Walsingham allowed the letters to continue to be sent because he wanted to discover who else was involved in this plot to overthrow Elizabeth. Eventually, on 25th June 1586, Mary wrote a letter to Anthony Babington. In his reply, Babington told Mary that he and a group of six friends were planning to murder Elizabeth. Babington discovered that Walsingham was aware of the plot and went into hiding. He hid with some companions in St John's Wood, but was eventually caught at the house of the Jerome Bellamy family in Harrow. On hearing the news of his arrest the government of the city put on a show of public loyalty, witnessing "her public joy by ringing of bells, making of bonfires, and singing of psalms".

Babington home was searched for documents that would provide evidence against him. When interviewed, Babington, who was not tortured, made a confession in which he admitted that Mary had written a letter supporting the plot. At his trial, Babington and his twelve confederates were found guilty and sentenced to hanging and quartering. "The horrors of semi-strangulation and of being split open alive for the heart and intestines to be wrenched out were regarded, like those of being burned to death, as awful but in the accepted order of things."

Gallows were set up near St Giles-in-the-Field and the first seven conspirators, led by Babington, were executed on 20th September 1586. Babington's last words were “Spare me Lord Jesus”. Another conspirator, Chidiock Tichborne, made a long speech where he blamed Babington "for drawing him in". The men "were hanged only for a short time, cut down while they were still alive, and then castrated and disembowelled".

The other seven were brought to the scaffold the next day and suffered the same death, "but, more favourably, by the Queens commandment, who detested the former cruelty". They hung until they were dead and only then suffered the barbarity of castration and disembowelling. The last to suffer was Jerome Bellamy, who was found guilty of hiding Babington and the others at his family's house in Harrow. His brother cheated the hangman by killing himself in prison.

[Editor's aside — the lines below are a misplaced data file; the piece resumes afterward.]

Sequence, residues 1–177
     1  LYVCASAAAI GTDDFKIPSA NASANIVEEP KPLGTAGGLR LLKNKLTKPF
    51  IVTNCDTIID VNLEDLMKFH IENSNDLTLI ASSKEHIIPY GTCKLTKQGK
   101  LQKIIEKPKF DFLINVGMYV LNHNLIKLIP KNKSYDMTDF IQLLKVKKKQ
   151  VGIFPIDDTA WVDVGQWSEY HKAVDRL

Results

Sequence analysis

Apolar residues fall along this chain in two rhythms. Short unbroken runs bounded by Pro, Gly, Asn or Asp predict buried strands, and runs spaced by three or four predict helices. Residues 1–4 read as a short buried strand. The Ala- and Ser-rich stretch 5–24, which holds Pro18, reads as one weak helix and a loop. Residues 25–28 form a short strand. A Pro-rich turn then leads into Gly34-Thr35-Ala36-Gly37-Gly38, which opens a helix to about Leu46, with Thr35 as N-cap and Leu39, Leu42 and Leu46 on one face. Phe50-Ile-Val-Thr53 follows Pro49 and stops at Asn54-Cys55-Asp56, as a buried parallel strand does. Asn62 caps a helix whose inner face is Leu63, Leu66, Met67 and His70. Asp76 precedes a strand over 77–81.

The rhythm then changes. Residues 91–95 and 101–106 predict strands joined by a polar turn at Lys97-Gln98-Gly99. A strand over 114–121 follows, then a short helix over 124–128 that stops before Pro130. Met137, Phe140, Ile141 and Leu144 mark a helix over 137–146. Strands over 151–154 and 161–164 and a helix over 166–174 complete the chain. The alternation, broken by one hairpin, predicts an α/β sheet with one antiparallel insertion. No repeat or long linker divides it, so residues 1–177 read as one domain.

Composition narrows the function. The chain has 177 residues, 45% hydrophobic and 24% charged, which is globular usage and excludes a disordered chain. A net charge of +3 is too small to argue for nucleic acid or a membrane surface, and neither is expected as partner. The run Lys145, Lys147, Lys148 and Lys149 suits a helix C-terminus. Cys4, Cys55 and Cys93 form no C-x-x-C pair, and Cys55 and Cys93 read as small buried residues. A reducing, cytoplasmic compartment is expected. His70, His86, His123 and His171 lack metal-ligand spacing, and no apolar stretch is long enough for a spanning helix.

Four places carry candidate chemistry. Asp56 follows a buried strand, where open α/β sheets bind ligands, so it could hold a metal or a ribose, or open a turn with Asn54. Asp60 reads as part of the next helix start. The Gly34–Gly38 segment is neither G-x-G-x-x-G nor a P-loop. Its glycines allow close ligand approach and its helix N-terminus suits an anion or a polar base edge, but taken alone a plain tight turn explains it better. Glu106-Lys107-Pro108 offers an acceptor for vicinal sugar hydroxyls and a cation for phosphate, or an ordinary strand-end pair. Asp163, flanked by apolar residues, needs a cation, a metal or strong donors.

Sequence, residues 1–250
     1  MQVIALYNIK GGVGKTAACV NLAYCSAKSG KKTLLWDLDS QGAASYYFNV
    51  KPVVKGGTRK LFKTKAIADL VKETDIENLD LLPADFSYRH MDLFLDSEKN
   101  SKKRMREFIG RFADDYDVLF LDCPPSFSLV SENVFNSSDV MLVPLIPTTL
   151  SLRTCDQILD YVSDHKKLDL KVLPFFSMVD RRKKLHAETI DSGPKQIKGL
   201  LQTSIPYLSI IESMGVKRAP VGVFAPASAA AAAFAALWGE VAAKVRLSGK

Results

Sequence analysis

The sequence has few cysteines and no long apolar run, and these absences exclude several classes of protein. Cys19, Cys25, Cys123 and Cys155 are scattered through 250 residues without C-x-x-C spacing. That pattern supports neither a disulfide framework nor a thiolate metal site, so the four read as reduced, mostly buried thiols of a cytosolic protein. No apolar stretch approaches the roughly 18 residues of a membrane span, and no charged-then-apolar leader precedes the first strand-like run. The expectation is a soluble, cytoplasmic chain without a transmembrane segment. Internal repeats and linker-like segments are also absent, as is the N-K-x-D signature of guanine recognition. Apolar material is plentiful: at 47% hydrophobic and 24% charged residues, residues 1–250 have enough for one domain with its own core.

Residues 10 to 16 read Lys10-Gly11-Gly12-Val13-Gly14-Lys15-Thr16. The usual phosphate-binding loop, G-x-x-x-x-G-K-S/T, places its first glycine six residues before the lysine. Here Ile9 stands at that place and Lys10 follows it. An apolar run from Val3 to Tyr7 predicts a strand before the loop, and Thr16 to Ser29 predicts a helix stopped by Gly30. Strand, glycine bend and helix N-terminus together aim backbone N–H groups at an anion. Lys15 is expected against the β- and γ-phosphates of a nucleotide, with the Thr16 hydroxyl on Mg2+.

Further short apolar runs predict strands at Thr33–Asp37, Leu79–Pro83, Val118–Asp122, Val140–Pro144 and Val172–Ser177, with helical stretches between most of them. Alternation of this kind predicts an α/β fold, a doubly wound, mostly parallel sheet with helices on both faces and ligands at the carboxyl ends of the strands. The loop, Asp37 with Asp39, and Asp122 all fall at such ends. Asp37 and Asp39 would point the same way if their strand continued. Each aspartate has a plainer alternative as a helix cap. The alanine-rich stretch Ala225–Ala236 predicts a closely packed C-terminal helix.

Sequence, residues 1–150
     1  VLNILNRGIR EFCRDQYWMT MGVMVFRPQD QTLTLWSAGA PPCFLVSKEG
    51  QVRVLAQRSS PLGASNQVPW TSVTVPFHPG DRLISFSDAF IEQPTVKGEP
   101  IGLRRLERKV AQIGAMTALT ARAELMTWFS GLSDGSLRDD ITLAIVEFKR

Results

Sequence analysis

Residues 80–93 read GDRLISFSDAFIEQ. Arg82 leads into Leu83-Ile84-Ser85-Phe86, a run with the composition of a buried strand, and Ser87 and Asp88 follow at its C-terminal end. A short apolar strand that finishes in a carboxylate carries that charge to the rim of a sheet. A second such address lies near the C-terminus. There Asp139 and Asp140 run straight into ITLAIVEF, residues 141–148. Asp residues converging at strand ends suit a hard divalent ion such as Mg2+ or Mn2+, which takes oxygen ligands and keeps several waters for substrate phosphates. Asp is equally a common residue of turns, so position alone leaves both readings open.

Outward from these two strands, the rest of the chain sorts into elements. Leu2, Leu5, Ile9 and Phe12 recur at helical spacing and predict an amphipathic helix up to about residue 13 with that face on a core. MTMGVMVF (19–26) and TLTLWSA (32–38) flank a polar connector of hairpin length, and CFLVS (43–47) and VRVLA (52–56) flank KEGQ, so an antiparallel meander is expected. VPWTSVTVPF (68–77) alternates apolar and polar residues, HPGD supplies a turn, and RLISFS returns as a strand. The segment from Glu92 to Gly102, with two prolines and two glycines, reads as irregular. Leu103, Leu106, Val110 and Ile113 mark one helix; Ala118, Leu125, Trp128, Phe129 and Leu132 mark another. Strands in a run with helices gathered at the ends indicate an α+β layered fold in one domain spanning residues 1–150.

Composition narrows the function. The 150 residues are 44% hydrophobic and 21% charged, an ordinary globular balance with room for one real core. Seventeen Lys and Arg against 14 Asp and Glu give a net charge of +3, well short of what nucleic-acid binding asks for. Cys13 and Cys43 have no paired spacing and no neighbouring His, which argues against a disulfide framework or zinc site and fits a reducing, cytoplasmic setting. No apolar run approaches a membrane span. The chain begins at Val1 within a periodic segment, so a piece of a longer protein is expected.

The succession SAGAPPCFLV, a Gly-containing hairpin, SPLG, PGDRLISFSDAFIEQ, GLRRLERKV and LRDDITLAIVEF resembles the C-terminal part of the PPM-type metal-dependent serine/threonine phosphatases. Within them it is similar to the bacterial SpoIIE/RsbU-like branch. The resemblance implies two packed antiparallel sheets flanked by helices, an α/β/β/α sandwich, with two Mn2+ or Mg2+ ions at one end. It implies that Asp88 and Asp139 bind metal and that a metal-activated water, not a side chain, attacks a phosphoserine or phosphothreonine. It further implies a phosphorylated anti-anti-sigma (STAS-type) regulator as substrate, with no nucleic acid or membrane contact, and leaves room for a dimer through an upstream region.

Anthony Babington
Anthony Babington

On this day in 1857 Sheffield Football Club is founded in England. Football was a very popular sport in Sheffield and in 1857 a group of men established the club at Bramall Lane. It is believed to be the first football club in the world. Two former Harrow students, Nathaniel Creswick and William Prest, published their own set of rules for football. These new rules allowed for more physical contact than those established by some of the public schools. Players were allowed to push opponents off the ball with their hands. It was also within the rules to shoulder charge players, with or without the ball. If a goalkeeper caught the ball, he could be barged over the line. At first the Sheffield Club played friendly games against teams in London and Nottingham.

Sheffield Football Club
Sheffield Football Club

On this day in 1882 Sybil Thorndike, English actress is born She trained as a pianist but decided on theatre and in 1904 appeared in The Merry Wives of Windsor. She married Lewis Casson on 22nd December, 1908. After spending four years touring the United States with a Shakespearean Repertory Company she returned to England and became a leading figure in Annie Horniman's Repertory Company in Manchester. She also worked at the Old Vic (1914-19). Thorndike established herself as Britain's leading actress in Saint Joan (1924) by George Bernard Shaw.

Thorndike took a keen interest in politics and was a supporter of the Popular Front government in Spain during the Spanish Civil War. She joined with Emma Goldman, Rebecca West, Fenner Brockway and C. E. M. Joad to establish the Committee to Aid Homeless Spanish Women and Children.

Sybil Thorndike and Lewis Casson (May 1969)
Sybil Thorndike and Lewis Casson (May 1969)

On this day in 1911 Orville Wright remains in the air nine minutes and 45 seconds in a glider at Kill Devil Hills, North Carolina. In 1908 Orville and Wilbur Wright produced the Wright Model A. This was a two-seater with an improved control system. It had a much more powerful engine and could reach a speed of 44 mph (71 kpm). However, on 17th September, the brothers had their first plane crash. Orville Wright was seriously injured and his passenger, Thomas Selfridge, was killed.

Wilbur took the machine to France and at a demonstration at the military field at Camp d'Auvours, set an endurance record of 2 hours 20 minutes 23 seconds. It also set an altitude record of 362 feet (110 m). As a result of the tests the brothers were able to sell construction licences for the Wright Model A to Britain, France and Germany. After the death of Wilbur Wright from typhoid fever in 1912, Orville lost interest in aviation and sold the Wright Company in 1915.